A couple of the “quiz” statements below (with the wrong pronoun choice) were heard out of the mouths of university students. Alas…how did they get all the way through grades 1-12 and accepted into college without anyone drilling the correct grammar into their heads?! Probably the usual explanation: whatever is reinforced at home sticks a lot more stubbornly than what is taught in school. So, if you’re a parent…get your grammar act together! Here’s some practice:
- They want ______ (he, him) and his family to move closer to the home office.
- _____ (He, Him) and I go way back.
- I am sure you are much smarter than ____ (she, her).
- The weather keeps causing problems for him and __(I, me).
- ____ (Her, She) and her husband own and manage the restaurant together.
- Compared to her friends, she thinks she has more problems than ____ (them, they).
- My best friend has a penchant for dark chocolate just like _____ (I, me).
Before you check below for the correct answers, consider your selections in light of the following:
a) If you recall from middle school language arts what the difference is between a subject and an object, make sure that you never use “him, her, or me” as the subject of a sentence.
b) If the pronoun is the object of a verb, choose “him, her, or me.”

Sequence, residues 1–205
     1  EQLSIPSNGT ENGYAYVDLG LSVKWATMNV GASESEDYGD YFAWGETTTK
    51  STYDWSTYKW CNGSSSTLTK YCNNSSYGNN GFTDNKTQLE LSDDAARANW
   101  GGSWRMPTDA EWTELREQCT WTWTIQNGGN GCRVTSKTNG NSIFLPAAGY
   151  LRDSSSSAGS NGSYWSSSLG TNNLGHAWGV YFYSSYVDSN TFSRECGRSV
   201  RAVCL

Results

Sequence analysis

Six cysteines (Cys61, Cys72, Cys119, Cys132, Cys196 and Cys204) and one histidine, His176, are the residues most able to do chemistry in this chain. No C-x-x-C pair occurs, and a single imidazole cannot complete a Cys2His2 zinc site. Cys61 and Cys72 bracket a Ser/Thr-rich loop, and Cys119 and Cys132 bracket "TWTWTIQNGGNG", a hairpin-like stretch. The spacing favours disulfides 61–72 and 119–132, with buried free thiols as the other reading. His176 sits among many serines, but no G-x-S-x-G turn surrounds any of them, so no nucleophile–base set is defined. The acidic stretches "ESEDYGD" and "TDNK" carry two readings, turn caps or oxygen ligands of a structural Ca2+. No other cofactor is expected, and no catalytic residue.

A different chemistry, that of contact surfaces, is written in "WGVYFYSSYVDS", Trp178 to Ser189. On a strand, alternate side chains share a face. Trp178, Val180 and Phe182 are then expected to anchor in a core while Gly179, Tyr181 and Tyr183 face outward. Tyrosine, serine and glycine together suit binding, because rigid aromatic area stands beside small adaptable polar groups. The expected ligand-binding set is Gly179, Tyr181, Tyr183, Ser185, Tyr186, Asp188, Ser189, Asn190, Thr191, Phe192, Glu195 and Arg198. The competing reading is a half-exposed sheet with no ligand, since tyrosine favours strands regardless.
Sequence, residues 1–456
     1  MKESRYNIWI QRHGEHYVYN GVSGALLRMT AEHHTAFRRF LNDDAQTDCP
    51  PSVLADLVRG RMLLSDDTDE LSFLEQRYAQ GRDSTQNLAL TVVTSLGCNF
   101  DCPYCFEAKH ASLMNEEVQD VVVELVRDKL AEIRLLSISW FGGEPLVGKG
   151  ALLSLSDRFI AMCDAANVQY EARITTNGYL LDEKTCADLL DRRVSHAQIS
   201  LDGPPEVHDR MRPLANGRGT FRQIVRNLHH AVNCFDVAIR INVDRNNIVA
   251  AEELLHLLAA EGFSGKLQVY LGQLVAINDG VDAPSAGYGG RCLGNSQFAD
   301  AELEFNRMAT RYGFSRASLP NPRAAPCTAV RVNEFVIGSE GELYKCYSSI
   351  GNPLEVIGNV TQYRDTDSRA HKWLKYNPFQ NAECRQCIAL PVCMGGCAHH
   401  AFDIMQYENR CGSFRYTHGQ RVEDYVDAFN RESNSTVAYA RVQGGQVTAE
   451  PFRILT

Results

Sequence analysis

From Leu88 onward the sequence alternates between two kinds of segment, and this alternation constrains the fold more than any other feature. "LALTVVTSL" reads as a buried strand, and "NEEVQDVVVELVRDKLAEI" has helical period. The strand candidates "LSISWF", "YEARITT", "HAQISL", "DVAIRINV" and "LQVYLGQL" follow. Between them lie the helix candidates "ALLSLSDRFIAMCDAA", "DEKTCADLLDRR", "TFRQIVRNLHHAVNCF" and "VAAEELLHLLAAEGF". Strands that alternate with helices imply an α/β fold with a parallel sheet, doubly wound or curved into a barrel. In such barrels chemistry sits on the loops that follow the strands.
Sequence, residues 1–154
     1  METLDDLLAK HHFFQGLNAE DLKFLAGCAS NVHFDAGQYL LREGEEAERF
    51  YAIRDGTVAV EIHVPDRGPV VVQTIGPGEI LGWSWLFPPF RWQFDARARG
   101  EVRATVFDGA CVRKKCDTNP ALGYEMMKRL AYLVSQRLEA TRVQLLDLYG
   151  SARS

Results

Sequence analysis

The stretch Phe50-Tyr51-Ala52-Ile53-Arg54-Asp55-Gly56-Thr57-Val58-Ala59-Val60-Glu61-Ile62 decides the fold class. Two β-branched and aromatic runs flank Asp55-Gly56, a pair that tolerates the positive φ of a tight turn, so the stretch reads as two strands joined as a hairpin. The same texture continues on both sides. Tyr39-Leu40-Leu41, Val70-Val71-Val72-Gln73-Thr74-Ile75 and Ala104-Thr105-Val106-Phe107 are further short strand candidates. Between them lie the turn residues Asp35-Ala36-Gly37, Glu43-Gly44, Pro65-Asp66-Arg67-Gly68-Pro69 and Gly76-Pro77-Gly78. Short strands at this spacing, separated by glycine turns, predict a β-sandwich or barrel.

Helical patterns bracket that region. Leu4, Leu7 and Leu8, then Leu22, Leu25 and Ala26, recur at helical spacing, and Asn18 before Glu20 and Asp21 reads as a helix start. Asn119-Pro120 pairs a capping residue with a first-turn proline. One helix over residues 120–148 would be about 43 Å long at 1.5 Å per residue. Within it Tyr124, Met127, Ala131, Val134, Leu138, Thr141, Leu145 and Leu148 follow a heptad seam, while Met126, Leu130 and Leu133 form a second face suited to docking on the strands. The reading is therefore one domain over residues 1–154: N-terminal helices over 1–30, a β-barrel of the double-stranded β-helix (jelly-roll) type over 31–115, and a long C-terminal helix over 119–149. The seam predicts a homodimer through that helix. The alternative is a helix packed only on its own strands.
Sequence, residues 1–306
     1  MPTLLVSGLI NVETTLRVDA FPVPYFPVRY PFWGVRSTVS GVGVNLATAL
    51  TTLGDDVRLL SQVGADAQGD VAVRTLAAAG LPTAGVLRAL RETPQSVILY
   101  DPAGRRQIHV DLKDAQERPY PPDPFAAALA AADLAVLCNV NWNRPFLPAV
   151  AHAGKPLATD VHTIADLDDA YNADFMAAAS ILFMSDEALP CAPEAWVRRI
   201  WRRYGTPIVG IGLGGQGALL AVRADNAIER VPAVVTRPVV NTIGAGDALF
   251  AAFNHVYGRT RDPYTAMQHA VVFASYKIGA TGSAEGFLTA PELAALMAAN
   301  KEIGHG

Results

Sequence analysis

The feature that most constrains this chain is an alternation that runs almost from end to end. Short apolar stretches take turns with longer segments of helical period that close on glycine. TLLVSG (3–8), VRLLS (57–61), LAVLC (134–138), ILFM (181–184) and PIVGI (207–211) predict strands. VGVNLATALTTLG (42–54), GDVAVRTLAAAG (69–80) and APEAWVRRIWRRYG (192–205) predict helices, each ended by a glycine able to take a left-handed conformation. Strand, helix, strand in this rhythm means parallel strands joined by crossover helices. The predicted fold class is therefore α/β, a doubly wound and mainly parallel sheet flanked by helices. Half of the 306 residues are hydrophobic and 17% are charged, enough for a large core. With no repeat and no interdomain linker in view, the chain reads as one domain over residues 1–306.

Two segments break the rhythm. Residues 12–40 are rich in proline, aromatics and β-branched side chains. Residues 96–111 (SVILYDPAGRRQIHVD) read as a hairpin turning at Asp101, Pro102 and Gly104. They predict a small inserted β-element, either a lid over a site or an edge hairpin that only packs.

c) If the pronoun is the last word of the sentence, consider whether or not there is an implied verb that could follow it (such as “do, am, is, are, have,” etc.) in which case the pronoun choice should be “he, she, they, or I.”
d) If the pronoun is immediately followed by “and” then consider which word choice you would make if the “and…” were not there; then make the same pronoun choice as you would in that case. (If you’re having a déjà vu moment, good for you! See Dec. 4 – “The Ego Trip” – suggestion #2.)
Answers and reasons are as follows:
- him: b
- He: a
- she: c (“she is”)
- me: d (and also c because there is no implied verb following)
- She: a
- they: c (“they have”)
- I: c (“I do” and I’m not talking wedding vow here.)
Sometimes it just would be better not to leave the “do, is, or am” silent because it sounds odd without. Earworm alert: sing to yourself the 1st verse of the Christmas song, “I Wonder as I Wander” for reinforcement of this point! 🙂
Meanwhile,: I’m not finished grousing yet about redundant use of pronouns (see Ranting about Redundancy). This error is spreading wildly…rather like a virus. NPR’s Renee Montagne, Claudio Sanchez, and many others have joined culprits, Audie Cornish and Ailsa Chang, in committing this grammar faux pas. Here are other recent examples:
2/19: “…these kids who are among the refugees, they need shelter, they need food…” “They” is redundant both times. “…these kids, who are among the refugees, need shelter and food…” would suffice nicely.
2/26: “…local control of what teachers teach and what standards kids are held to, that’s the issue.” “That” is redundant. “…local control…is the issue…” sans redundancy is much better.
Stay tuned for a subsequent GG post on incorrect positioning of prepositions (also demonstrated above in the 2/26 example).